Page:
The Frozen Pea Problem

By Ben Weis
September 15, 2014
Reading Time: 3 minutes
Filed under Naming
Mmmm, freezer burn
Mmmm, freezer burn

It goes like this:

Have you ever named food?
Have you ever named frozen food?
Have you ever named frozen peas?
We’re really looking for someone with specific expertise here.

A fictional version of a conversation that’s happened countless times: cookie shops, new-age health products, luxury cruise lines, whatever—people are looking for an expert to name their whatchamacallit. A voice in the back of their head is asking, Are you sure you’re getting the best? Maybe that voice isn’t even internal—it could be a boss, a spouse, a business partner doing the convincing. Make sure you’re finding the best.

Next, they decide that the best person for the job both (1) is an experienced namer generally, and (2) has experience naming the specific product at hand. There’s a leap here, from “best namer” to “most experienced namer in my industry.” As a general proposition, this holds: more experience is better than less. But the move from “I need a naming company” to “I need the best frozen pea namer out there” is a bad one. Here’s why:

There’s no such thing as a frozen pea expert.

Leave unicorn hunting to the pros. Naming is a niche already. Count up the experts—the ones who don’t just throw naming as a line item on a list of services—and you’ll find about two dozen firms. None of them can afford to keep a frozen pea expert on the payroll.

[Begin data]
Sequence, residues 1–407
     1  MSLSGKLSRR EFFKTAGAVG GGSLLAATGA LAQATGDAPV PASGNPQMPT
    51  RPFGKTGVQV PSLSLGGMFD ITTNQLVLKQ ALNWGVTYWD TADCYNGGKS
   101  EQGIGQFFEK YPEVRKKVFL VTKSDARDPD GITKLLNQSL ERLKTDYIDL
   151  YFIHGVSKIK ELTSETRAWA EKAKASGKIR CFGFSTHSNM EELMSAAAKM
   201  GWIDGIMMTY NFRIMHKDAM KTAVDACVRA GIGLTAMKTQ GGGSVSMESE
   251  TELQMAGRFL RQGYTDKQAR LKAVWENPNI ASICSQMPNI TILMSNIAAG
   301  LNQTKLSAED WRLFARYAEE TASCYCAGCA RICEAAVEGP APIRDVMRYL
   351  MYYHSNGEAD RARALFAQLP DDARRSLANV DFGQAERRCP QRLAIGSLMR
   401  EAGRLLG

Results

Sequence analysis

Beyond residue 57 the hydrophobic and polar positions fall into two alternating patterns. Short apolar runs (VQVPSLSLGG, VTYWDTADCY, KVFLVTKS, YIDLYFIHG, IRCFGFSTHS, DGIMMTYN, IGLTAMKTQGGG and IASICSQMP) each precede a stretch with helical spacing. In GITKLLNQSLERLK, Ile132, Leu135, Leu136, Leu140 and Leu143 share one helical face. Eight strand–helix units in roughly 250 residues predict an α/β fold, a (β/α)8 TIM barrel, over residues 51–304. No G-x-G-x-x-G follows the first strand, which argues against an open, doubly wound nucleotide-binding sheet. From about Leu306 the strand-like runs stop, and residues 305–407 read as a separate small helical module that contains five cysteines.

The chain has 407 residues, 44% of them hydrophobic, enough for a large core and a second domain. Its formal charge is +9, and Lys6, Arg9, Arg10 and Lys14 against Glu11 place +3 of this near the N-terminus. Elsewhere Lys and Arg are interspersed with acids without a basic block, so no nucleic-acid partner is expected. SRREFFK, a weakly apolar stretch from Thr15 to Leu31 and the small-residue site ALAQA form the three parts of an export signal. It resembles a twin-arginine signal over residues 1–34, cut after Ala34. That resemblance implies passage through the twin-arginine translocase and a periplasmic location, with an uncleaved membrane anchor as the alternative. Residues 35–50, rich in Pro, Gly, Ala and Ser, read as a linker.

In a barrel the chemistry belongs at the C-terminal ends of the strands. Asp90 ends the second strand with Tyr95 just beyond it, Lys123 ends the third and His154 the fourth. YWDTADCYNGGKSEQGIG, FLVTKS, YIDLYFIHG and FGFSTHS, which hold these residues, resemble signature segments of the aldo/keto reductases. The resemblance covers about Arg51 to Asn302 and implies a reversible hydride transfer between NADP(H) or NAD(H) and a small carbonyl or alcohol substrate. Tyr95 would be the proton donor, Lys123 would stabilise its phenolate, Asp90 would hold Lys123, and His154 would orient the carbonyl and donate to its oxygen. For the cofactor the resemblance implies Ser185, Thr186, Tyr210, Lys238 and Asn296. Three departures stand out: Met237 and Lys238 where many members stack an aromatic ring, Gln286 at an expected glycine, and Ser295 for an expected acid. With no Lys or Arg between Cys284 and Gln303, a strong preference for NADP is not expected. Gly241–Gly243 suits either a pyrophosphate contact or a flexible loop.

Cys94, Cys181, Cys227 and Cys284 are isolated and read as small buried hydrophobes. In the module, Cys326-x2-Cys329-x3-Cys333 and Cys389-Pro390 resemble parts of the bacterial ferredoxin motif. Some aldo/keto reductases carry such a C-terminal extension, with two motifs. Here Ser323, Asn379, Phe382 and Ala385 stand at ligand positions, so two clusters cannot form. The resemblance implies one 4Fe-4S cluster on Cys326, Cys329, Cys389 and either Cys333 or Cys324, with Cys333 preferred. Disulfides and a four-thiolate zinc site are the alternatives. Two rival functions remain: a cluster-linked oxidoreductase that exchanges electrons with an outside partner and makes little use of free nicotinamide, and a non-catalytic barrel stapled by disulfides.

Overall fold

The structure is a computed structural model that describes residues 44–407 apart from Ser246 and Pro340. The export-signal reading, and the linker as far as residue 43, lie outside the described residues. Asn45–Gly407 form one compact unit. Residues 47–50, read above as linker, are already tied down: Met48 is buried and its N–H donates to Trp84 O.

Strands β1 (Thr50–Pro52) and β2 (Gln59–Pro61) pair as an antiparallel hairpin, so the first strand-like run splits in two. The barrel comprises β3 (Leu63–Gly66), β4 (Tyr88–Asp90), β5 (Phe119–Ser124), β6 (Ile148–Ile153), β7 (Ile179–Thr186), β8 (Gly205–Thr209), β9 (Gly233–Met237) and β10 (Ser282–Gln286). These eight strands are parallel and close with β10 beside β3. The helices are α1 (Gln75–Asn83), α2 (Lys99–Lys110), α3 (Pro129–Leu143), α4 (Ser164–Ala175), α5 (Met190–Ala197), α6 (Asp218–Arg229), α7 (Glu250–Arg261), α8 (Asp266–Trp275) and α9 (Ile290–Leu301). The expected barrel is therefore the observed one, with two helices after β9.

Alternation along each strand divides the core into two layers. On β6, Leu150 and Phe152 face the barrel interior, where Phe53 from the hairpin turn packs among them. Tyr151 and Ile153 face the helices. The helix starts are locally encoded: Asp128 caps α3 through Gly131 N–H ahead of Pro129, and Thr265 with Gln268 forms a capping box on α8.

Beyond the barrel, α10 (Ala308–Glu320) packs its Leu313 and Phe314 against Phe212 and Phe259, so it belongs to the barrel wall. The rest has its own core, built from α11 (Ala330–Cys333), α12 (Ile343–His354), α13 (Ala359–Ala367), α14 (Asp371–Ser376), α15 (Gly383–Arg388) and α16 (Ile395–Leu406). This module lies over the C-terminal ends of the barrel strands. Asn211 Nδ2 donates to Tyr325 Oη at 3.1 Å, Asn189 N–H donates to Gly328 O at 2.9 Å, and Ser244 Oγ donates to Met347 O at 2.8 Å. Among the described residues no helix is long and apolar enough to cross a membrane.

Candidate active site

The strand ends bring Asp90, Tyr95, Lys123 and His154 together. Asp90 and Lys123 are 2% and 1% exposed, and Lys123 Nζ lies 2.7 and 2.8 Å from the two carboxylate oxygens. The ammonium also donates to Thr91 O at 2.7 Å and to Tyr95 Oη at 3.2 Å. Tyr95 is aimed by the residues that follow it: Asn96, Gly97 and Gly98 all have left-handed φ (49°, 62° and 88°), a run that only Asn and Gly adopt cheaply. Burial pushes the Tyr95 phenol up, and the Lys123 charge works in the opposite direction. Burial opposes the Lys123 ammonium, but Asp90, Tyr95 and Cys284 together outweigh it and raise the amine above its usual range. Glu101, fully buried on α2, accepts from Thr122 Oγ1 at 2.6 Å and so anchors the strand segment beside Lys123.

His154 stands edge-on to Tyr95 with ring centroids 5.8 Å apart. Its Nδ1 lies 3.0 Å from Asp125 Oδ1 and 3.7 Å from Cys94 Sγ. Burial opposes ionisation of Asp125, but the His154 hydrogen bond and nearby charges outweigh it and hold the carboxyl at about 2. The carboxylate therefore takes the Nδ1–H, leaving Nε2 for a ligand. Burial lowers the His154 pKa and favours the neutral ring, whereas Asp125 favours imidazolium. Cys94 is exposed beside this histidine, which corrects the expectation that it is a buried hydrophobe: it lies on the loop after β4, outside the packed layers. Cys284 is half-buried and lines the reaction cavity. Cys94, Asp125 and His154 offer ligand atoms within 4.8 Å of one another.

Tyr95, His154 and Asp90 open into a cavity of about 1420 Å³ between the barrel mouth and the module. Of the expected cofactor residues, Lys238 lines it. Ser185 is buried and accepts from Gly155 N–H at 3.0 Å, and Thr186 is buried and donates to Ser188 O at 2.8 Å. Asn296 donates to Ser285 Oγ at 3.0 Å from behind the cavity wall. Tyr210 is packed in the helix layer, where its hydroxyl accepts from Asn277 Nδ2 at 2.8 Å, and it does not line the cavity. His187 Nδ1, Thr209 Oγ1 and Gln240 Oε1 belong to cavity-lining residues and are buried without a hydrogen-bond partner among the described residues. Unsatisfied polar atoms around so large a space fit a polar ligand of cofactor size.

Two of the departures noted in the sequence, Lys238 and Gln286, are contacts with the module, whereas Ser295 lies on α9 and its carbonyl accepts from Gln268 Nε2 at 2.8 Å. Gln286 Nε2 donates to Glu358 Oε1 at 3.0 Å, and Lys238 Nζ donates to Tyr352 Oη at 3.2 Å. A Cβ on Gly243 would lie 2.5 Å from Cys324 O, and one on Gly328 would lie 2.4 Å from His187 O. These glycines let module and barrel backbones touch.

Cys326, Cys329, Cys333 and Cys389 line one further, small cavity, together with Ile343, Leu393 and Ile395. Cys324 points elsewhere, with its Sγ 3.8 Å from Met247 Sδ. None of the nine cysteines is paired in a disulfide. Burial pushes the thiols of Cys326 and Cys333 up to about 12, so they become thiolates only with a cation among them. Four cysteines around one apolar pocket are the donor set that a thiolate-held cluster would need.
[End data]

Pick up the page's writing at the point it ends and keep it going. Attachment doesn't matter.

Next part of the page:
Maybe worse, imagine what life would look life as the frozen pea guy. It looks like a whole lot of cardboard signs and spare change. No one can keep the lights on doing it, and even if they tried, come on—who wants to work with someone that strange?

You’re the frozen pea experts. We’re the naming experts.

You probably do something specialized, too. You’re close to it. What do we need to know about it that we can’t learn in a few hours? Naming companies aren’t successful because of encyclopedic knowledge. They’re good at distilling the information in encyclopedias, dictionaries of American slang, and lists of obscure Lakota words into small, attractive packages. Naming is also about what to focus on—knowing how to pick out the right name, not just an attractive one.

There’s a difference between domain expertise and process expertise. If naming companies had to be experts in everything we name, we’d need PhDs in everything from biomechanical engineering to the San Francisco beer scene. On second thought, that doesn’t sound so bad.

Oh, Magnolia
Oh, Magnolia

Strangers are wise.

Any business is serious business when it’s keeping a roof over your head. For the other seven billion people in the world, it’s not the same. Peas? They’re silly-sounding vegetables. (Here, the pea guy would protest, “They’re fruit!” which, we admit, is technically true.) As consultants, we namers get inside the minds of the seven billion, because often, the guy who knows the most about your business knows the least about how people think about your business.

That outsider’s approach results in a name that’s different from all of the others. Better to connect to an audience than to the inside of an industry, even one as venerable as the frozen pea industry.

That’s why the best firm to hire isn’t the one who knows your industry. It’s the one who knows people.